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IN order to facilitate prognostication in minor and more limited instances, it is important to make further observation of all remarkable appearances occasionally visible around or near the Sun, Moon, and stars. And, for the diurnal state of the atmosphere, the Sun's rising should be remarked; for the nocturnal state, his setting; but the probable duration of any such state must be considered by reference to the Sun's configuration with the Moon; for, in most cases, each aspect, made between them, indicates the continuance of a certain state until another aspect shall take place.

Hence, the Sun, when rising or setting, if he shine clear and open,

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free from mists, gloom, and clouds, promises serene weather. But, if he have a wavering or fiery orb, or seem to emit or attract red rays, or if he be accompanied in any one part by the clouds called parhelia, or by other reddish clouds of extended figure, in the form of long rays, he then portends violent winds, chiefly liable to arise from those parts in which the said phenomena may have shown themselves. If he should be pale or lurid, and rise or set encumbered with clouds, or surrounded by halos, he indicates storms and winds coming from the quarter of his apparent situation: and, if he be also accompanied by parhelia, or by lurid or dark rays, similar effects are also threatened from the parts where those appearances may be situated. 1

The Moon's course is to be carefully observed, at the third day before or after her conjunction with the Sun, her opposition, and her intermediate quarters; for, if she then shine thin and clear, with no other phenomena about her, she indicates serenity; but, if she appear thin and red, and have her whole unilluminated part visible, and in a state of vibration, she portends winds from the quarter of her latitude and declinations: and if she appear dark, or pale and thick, she threatens storms and showers. All halos formed around the Moon should also be observed; for, if there appear one only, bright and clear, and decaying by degrees, it promises serene weather; but, if two or three appear, tempests are indicated: and, if they seem reddish and broken, they threaten tempests, with violent and boisterous winds; if dark and thick, they foreshow storms and snow; if black and broken, tempests with both winds and snow; and, whenever a greater number may appear, storms of greater fury are portended.

The planets, also, and the brighter fixed stars, occasionally have halos, which indicate certain effects appropriate to their tinctures, and to the nature of the stars around which they may be situated.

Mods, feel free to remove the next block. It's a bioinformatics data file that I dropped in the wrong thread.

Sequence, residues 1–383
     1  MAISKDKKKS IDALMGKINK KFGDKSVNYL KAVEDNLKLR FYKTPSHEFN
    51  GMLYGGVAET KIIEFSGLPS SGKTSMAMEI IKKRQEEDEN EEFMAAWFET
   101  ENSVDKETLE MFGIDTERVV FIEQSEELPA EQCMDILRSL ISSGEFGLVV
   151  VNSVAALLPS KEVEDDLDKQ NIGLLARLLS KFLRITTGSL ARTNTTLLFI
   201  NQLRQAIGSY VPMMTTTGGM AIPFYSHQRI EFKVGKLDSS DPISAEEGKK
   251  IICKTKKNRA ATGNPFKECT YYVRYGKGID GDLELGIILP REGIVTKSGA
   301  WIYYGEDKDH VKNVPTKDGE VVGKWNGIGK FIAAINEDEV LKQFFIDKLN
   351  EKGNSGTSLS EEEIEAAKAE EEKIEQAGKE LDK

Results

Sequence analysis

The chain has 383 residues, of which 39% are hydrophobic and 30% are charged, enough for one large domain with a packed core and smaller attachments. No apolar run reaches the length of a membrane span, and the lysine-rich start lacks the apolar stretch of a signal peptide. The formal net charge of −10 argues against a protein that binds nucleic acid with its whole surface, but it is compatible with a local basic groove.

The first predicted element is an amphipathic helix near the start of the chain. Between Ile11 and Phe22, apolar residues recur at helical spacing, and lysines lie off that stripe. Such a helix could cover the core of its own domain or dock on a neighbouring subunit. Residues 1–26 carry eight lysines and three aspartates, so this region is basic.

The apparent magnitudes of the fixed stars, and the colours of the luminous masses among them, are likewise to be remarked: for, when the stars appear brighter and larger than usual, they indicate an excitation of the wind from that quarter in which they may be situated. The nebulous mass of the Præsepe in Cancer, and others similar to it, also require observation; as, if in fine weather they appear gloomy and

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indistinct, or thick, they thereby threaten a fall of rain; but, if clear and in continual vibration, they announce rough gales of wind 1.

Appearances occasionally visible in the sky, resembling the trains of comets, 2 usually indicate wind and drought; in a degree proportionate to their multitude and continuance.

Appearances, resembling shooting or falling stars, when presented in one part only, threaten a movement of wind from that part; 3 when in various and opposite parts, they portend the approach of all kinds of tempestuous weather, together with thunder and lightning. Clouds resembling fleeces of wool will also sometimes presage tempests; and the occasional appearance of the rainbow denotes, in stormy weather, the approach of serenity; in fine weather, storms. And, in a word, all remarkable phenomena, visible in the sky, universally portend that certain appropriate events will be produced, each harmonising with its proper cause, in the manner herein described.


After the forgoing brief investigation of the more limited as well as more extensive significations, regarding general events, it becomes proper to proceed to the doctrine of genethliacal prognostication, or judgments of individual nativities.




69:1 Similar precepts may be found finely illustrated in Virgil's 1st Georgic, vide I, 433 et infra:

"Sol quoque et exoriens et cum se condit in undas
Signa dabit:"------

Virgil has said almost the same thing in these beautiful lines:

"At si virgineum suffuderit ore ruborem
Ventus erit: vento semper rubet aurea Phœbe."--Georg. I, l. 430.

See also the whole passage, beginning at 1. 424:

"Si vero Solem ad rapidum Lunasque sequentes
Ordine respicies," &c.

70:1 At this place, the following sentence, not found in the Greek, is inserted in a Latin translation:

"If the northern of the two stars, situated one on each side of the Præsepe, and called the Asini, should not appear, the north wind will blow: but, if the southern one be invisible, the south wind."

70:2 These coruscations are, perhaps, similar to those now known by the name of the Aurora Borealis.

70:3 Virgil again:

"Sæpe etiam stellas vento impendente videbis
Præcipites cœlo labi."--&c.       Georg. I, l. 365.

[paragraph continues] A great part of the 1st Georgic consists of astrological rules for predicting the weather, closely resembling the precepts here given by Ptolemy. Virgil is said to have adopted his doctrine from Aratus.

Next: Chapter I. Proem